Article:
The president, answering a question about jobs, the pivoted to his broader message about the difficult economy he inherited, the steps he has taken to fix it and his belief that more work needs to be done.

"Four years ago, we went through the worst financial crisis since the Great Depression," Obama said. "Because of the resilience and determination of the American people, we have begun to fight our way back."

Romney began by trying to humanize himself, a vital effort for a candidate who polls have shown suffers from a likability gap compared to the President. "This is a very tender topic," he said about the nation's high unemployment rate, relating several stories people he met on the campaign trail who have asked him to help.

The former Massachusetts governor then listed his familiar 5-point plan for reviving the economy, which includes making America energy independent and balancing the federal budget. "And the answer is, yes we can help but it's going to take a different path, not the one we've been on," Romney said.

As the debate progressed, the candidates hammered home other familiar themes in a series of generally polite yet sharp exchanges.

The debate is the first time that millions of television viewers were sizing up the candidates side by side - an incumbent president, weighed down by a sluggish economy, and his Republican challenger, battling to turn around a campaign that has struggled in recent weeks.

The 90-minute encounter at the University of Denver is especially critical for Romney, who vanquished all rivals in the Republican primaries but has run an uneven general election campaign. The race remains close in a number of national polls, including the latest Washington Post-ABC News survey, which showed Obama ahead 49 percent to 47 percent among likely voters. But surveys in the critical battleground states, expected to decide the election, show Obama with a larger lead.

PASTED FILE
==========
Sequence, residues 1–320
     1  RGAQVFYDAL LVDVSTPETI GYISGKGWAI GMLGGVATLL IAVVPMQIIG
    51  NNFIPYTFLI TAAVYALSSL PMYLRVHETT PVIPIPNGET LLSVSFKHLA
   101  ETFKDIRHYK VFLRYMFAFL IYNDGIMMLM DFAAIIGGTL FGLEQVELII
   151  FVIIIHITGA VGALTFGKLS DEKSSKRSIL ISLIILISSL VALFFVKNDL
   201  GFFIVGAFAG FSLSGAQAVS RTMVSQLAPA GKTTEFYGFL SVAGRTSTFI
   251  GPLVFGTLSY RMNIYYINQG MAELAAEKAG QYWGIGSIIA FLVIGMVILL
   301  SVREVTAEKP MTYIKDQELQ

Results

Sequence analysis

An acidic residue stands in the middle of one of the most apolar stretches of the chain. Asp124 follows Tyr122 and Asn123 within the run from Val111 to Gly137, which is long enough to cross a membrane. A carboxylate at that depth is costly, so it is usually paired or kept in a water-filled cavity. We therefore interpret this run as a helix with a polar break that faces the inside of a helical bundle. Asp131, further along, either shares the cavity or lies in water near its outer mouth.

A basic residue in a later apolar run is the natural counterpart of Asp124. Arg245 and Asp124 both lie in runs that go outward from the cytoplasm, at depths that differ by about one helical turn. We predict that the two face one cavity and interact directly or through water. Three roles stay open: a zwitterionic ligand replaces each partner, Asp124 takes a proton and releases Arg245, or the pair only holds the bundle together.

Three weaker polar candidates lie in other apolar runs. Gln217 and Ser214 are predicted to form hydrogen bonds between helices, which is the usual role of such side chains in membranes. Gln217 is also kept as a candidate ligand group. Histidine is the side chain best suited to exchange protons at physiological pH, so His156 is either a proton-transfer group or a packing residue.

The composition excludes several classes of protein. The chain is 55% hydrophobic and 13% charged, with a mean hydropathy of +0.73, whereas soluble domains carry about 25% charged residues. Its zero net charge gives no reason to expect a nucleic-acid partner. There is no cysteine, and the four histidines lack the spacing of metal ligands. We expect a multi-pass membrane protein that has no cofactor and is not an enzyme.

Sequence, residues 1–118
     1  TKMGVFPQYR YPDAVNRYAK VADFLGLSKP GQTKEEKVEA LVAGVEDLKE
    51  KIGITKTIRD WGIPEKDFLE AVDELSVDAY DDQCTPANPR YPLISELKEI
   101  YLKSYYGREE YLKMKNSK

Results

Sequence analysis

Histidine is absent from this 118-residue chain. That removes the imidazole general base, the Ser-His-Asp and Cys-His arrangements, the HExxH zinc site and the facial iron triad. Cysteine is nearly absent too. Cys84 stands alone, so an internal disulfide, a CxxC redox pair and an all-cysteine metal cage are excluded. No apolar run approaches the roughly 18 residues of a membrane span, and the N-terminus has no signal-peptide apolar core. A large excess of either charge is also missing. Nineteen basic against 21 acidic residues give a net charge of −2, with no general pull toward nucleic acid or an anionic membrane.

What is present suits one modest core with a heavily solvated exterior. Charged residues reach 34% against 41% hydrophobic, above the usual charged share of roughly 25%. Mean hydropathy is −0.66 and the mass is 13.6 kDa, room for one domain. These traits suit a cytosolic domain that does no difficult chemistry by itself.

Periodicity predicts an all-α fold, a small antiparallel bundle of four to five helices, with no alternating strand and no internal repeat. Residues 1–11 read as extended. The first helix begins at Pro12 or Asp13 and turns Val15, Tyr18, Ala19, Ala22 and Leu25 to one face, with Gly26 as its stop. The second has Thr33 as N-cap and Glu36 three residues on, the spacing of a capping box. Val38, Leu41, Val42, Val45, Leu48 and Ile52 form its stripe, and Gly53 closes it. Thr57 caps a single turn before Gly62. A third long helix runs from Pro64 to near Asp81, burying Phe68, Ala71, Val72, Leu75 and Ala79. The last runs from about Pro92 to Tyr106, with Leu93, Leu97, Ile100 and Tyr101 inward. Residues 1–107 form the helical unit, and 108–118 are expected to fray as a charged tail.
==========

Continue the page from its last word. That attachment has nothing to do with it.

Romney, trying to make the case that his business experience can turn around an economy that has struggled under Obama, will have his chance as the debate progresses: economic issues are expected to play a key role. The debate will be divided into six blocks of 15 minutes each, and PBS NewsHour Executive Editor Jim Lehrer, who is moderating, chose these topics for the six blocks: economy, economy, economy, health care, the role of government and governing.

The session, perhaps the most important single event of the campaign, takes place amid a modern political culture that values social media and micro-targeting of voters. Yet the presidential debate moment of the campaign is a political tradition that harkens back five decades. Ever since the legendary 1960 encounter between a tense looking Richard Nixon and a relaxed John F. Kennedy, presidential debates - while they have rarely decided elections - have provided viewers with heated exchanges and memorable television moments.

The two current candidates are veterans on the debate stage: Romney took part in 19 debates during the Republican primaries this year, while Obama took on Hillary Clinton in a series of closely watched battles in the 2008 Democratic primaries. The president, however, has not debated since his last encounter with Sen. John McCain, R-Ariz., his 2008 Republican rival.

After a campaign that has featured bitter exchanges and a slew of negative ads, the debate comes after the candidates mostly focused Wednesday on preparing for their moment under the television lights. Romney met with his strategy team at his Denver hotel Wednesday morning, then had a private tour of the debate hall before heading back to his hotel. His pre-debate meal was a barbecue sandwich and spaghetti from the Cheesecake Factory.

Romney is also planning to deliver a major foreign policy address Oct. 8 in Virginia, a senior campaign official said. The speech comes about a month after a wave of deadly protests swept the Middle East, killing Americans at the U.S. diplomatic mission in Libya.

After Wednesday's face-off, the candidates are scheduled to debate again on Oct. 16 in Hempstead, N.Y., and Oct. 22 in Boca Raton, Fla. Vice President Joe Biden and Republican Rep. Paul Ryan of Wisconsin will square off Oct. 11 in Danville, Ky. Ryan will watch tonight's debate on television with his aides, while Biden is scheduled to hold a live discussion with supporters that will be streamed online after the debate.